This is a McCarthy novel, not Old Yeller, and so Billy's trek inevitably becomes more ominous than sweet. It boasts some chilling meditations on the simple ferocity McCarthy sees as necessary for all creatures who aim to continue living. But Billy is McCarthy's most loving--and therefore damageable--character, and his story has its own haunted melancholy.
Billy eventually returns to his ranch. Then, finding himself and his world changed, he returns to Mexico with his younger brother, and the book begins meandering. Though full of hypnotically barren landscapes and McCarthy's trademark western-gothic imagery (like the soldier who sucks eyes from sockets), these latter stages become tedious at times, thanks partly to the female characters, who exist solely as ghosts to haunt the men.
But that opening is glorious, and the whole book finally transcends its shortcomings to achieve a grim and poignant grandeur. --Glen Hirshberg
I found it to be a very sad book too.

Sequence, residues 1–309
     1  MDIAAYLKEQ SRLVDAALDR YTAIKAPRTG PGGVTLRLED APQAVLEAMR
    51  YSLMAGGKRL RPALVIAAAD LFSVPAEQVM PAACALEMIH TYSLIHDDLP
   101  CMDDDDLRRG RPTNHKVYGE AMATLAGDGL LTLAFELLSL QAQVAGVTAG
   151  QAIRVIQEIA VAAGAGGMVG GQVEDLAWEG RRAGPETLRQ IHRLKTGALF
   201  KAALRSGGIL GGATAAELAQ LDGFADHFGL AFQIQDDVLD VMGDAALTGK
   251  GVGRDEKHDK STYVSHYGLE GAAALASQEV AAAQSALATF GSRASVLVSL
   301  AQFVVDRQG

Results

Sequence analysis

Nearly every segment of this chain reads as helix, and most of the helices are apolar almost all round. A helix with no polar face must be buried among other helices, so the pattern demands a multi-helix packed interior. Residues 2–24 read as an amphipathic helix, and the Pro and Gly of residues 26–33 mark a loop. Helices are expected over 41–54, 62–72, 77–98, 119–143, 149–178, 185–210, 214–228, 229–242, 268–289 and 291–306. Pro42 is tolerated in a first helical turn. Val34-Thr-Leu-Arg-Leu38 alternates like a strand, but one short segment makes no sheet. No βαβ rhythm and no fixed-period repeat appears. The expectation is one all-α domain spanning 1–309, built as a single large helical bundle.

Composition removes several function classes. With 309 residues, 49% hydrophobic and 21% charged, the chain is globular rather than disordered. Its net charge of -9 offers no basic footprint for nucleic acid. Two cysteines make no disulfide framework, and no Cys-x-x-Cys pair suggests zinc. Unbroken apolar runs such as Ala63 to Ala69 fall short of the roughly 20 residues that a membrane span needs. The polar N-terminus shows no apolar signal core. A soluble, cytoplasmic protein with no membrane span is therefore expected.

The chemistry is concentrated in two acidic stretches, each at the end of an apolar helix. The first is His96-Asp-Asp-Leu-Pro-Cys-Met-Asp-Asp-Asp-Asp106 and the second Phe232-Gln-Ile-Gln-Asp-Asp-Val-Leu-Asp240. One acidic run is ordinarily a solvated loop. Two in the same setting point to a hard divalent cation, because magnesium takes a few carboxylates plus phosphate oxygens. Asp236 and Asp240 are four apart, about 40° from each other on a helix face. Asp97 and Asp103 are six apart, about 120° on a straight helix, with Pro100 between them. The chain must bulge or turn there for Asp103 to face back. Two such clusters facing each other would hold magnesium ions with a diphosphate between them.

Cormac McCarthy's writing in this book not only depicts his typical writing characteristics, but also illustrates a level of really beautiful poetry.
If at all there is a shortcoming to this book - and others by McCarthy - they contain a bit too much of Spanish dialogue.
I really liked the book. I missed much as I do not speak or read Spanish. This made the story hard to follow. Not knowing what happened to the girl is unsettling. Read morePublished 6 days ago by john w lee
Gotta be one of the most talented authors of our time. McCarthy is as complex and his writing as profound as the likes of Faulkner.Published 1 month ago by Amazon Customer